While I was doing my Character and Roles Exercises on The Great Gatsby, I noticed how cleverly the narrator, Nick, came to reveal Gatsby’s role in the bigger picture of the story. It was truly fascinating – downright natural, even. But let’s start with Nick’s character.
On page one, Nick reveals that something his father used to tell him shaped the man that he became; he’d told his son not to judge others since others had not been as fortunate in life as they had. He admits that he tended to heed his father’s advice more often than not.
What that, in turn, exposes about Nick is that he is impressionable to an extent, more of a listener/ observer by nature, and even that he is open-minded – all because of his reaction (his adoption of that logic and retention of wisdom from his father) to what his father had told him.
Later, on that same page, he acknowledges that he frequently finds himself making excuses so that he wouldn’t have to continue his role as a listener of others’ problems and disclosures. It implies that he felt burdened by the secrets of others’ personal lives.
On page 4, it’s written that Nick was lonely until he came across a man to help, one who was newer than him in town. In helping the man, he found companionship, which reveals that he is the sort of man who helps himself by helping others. It’s also, obviously, how he makes friends.
In the paragraphs that follow, Nick says, “And so with the sunshine and the great bursts of leaves growing on the trees, just as things grow in fast movies, I had that familiar conviction that life was beginning over again with the summer,” (Fitzgerald, 4). If that doesn’t scream optimism, I don’t know what does. However, we have been exposed to the realist in Nick as well, so we can assume that he’s generally an optimistic realist.
Now onto the star of the show, the great Gatsby, himself. From only one paragraph on the second page of the novel, I was equipped with all the knowledge I needed to make accurate assumptions about Gatsby’s role in the story.
Read the passage below.
If personality is an unbroken series of successful gestures, then there was something gorgeous about him, some heightened sensitivity to the promises of life, as if he were related to one of those intricate machines that register earthquakes ten thousand miles away. This responsiveness had nothing to do with that flabby impressionability which is dignified under the name of the ‘creative temperament’—it was an extraordinary gift for hope, a romantic readiness such as I have never found in any other person and which it is not likely I shall ever find again. No—Gatsby turned out all right at the end; it is what preyed on Gatsby, what foul dust floated in the wake of his dreams that temporarily closed out my interest in the abortive sorrows and short-winded elations of men. (Fitzgerald, 2)
Can you fathom it, that almost everything (fundamental) that you need to know about the mystery that is Gatsby is all implied from that one passage? Let’s examine.
“If personality is an unbroken series of successful gestures, then there was something gorgeous about him, some heightened sensitivity to the promises of life” implies that he is an emotional man – not dramatic, just… lively.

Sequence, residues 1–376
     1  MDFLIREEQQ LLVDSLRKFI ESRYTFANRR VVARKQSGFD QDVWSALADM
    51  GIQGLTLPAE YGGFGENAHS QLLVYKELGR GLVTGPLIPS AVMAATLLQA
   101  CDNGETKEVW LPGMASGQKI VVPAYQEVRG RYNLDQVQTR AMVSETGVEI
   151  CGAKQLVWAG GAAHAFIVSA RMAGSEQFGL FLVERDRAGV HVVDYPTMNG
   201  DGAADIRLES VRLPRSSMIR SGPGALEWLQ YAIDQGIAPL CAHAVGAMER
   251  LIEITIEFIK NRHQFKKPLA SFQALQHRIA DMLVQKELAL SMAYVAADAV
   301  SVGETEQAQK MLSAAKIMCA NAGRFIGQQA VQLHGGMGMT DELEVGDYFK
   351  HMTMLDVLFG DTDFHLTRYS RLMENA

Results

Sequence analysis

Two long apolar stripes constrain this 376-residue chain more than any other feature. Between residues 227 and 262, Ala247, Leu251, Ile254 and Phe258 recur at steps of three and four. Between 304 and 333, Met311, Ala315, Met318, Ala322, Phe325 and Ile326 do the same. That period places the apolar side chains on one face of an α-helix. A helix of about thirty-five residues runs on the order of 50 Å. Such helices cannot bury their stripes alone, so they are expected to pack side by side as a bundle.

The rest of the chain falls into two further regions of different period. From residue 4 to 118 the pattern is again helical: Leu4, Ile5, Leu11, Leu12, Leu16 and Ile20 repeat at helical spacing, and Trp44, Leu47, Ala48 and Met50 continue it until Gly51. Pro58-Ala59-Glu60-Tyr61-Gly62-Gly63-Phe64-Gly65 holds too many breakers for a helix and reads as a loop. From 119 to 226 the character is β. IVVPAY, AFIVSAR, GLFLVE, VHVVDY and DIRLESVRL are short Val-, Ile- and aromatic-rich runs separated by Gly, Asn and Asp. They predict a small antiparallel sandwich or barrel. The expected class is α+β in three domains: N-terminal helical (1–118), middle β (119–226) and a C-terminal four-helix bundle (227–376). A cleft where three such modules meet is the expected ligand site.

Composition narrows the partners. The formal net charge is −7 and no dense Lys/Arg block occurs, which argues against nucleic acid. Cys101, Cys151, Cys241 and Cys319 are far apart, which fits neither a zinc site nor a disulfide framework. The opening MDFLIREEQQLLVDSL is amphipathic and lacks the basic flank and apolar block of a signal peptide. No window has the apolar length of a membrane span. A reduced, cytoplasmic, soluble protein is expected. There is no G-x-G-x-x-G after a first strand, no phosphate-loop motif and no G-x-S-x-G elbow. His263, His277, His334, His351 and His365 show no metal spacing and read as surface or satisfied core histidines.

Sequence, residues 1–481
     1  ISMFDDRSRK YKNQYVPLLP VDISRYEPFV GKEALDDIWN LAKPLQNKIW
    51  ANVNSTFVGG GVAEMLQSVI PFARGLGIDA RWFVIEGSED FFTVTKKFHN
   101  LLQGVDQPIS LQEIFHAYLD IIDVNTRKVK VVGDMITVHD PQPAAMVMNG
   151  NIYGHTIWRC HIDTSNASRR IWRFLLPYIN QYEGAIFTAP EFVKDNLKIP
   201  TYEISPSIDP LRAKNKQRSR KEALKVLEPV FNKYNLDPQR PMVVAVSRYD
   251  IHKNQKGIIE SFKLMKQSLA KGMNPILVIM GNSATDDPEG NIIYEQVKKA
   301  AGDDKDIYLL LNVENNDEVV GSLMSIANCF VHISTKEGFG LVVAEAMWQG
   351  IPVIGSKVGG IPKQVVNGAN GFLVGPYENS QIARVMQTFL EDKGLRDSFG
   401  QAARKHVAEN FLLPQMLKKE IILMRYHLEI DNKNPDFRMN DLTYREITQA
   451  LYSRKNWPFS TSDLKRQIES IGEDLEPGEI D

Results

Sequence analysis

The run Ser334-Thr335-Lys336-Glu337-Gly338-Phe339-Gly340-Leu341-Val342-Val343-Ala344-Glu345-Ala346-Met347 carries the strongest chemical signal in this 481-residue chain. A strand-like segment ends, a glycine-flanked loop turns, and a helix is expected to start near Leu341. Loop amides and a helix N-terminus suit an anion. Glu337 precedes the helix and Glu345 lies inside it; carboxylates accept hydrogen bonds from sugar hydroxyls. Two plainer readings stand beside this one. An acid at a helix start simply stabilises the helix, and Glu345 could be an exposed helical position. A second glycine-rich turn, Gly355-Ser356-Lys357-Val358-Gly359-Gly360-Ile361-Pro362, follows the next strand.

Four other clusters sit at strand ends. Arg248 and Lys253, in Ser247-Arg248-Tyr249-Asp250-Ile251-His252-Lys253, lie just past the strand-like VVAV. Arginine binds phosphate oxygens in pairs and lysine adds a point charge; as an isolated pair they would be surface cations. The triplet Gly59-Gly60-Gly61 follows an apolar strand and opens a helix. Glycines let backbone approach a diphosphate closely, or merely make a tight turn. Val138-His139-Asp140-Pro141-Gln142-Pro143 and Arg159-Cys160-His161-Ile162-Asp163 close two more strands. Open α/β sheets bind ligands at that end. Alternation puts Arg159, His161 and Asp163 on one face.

“This responsiveness had nothing to do with that flabby impressionability which is dignified under the name of the ‘creative temperament’” suggests that he is not falsely pompous like others; he’s naturally receptive, “responsive,” to life.
“…. It was an extraordinary gift for hope, a romantic readiness” means that he was an expectant, eager man, and a charming one, too – if not somewhat over the top with his zest for living.
Last, but not least, is the line, “Gatsby turned out all right at the end; it is what preyed on Gatsby, what foul dust floated in the wake of his dreams that temporarily closed out my interest in the abortive sorrows and short-winded elations of men.” Wow. That right there is Gatsby’s story–and the end of the book–in a nutshell, is it not? Something tragic happens to him later in the novel, and it’s so disheartening for the spectator (Nick) to watch unravel that it closes him off from the world for a while.
As you saw, the first four pages of the book are so laden with meaning and depth, that when you do the Character and Roles Perceptions Exercises, it’s so easy to see that entire novels’ gists are revealed within their first chapters. The average, unsuspecting reader is rarely ever aware of this, however.
You know what that means? You need to go back and take another look at the first chapter of that book you’ve been workin’ on. You do, I do, we all do.
If your first chapter establishes character(s) by implying the protagonist’s/antagonist’s defining personality traits and his/her function within your story, you’re on the right track!
If it (subtly) provides insight into the transformation the protagonist needs to achieve and will soon embark on a journey to reveal, you’re doing great!
And if the intentions—these concern the direction the story will most likely go in and the point of the journey—are sewn neatly into the storytelling of that first chapter, more power to you!
You’re ready to go on to, or start editing, your second chapter!
Fitzgerald, F. S. (2004). The great Gatsby. New York: Scribner Paperback Fiction.
Wolfman, M. (2016). Suicide squad: the official movie novelization. London: Titan Books.